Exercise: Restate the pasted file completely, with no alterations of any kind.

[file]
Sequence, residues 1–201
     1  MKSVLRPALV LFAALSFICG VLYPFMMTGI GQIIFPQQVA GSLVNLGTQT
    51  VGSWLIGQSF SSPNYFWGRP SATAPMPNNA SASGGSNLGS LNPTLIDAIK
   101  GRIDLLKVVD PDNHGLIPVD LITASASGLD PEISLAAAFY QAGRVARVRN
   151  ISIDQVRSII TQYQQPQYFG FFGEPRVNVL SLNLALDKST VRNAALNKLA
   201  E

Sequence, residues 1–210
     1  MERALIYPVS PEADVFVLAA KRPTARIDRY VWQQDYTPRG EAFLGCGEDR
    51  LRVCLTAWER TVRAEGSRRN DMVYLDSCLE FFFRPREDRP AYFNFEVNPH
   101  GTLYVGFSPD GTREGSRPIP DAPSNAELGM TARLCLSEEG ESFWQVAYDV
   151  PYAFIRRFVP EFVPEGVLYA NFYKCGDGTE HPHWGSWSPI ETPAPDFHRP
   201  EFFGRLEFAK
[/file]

Sequence, residues 1–201
     1  MKSVLRPALV LFAALSFICG VLYPFMMTGI GQIIFPQQVA GSLVNLGTQT
    51  VGSWLIGQSF SSPNYFWGRP SATAPMPNNA SASGGSNLGS LNPTLIDAIK
   101  GRIDLLKVVD PDNHGLIPVD LITASASGLD PEISLAAAFY QAGRVARVRN
   151  ISIDQVRSII TQYQQPQYFG FFGEPRVNVL SLNLALDKST VRNAALNKLA
   201  E

Sequence, residues 1–210
     1  MERALIYPVS PEADVFVLAA KRPTARIDRY VWQQDYTPRG EAFLGCGEDR
    51  LRVCLTAWER TVRAEGSRRN DMVYLDSCLE FFFRPREDRP AYFNFEVNPH
   101  GTLYVGFSPD GTREGSRPIP DAPSNAELGM TARLCLSEEG ESFWQVAYDV
   151  PYAFIRRFVP EFVPEGVLYA NFYKCGDGTE HPHWGSWSPI ETPAPDFHRP
   201  EFFGRLEFAK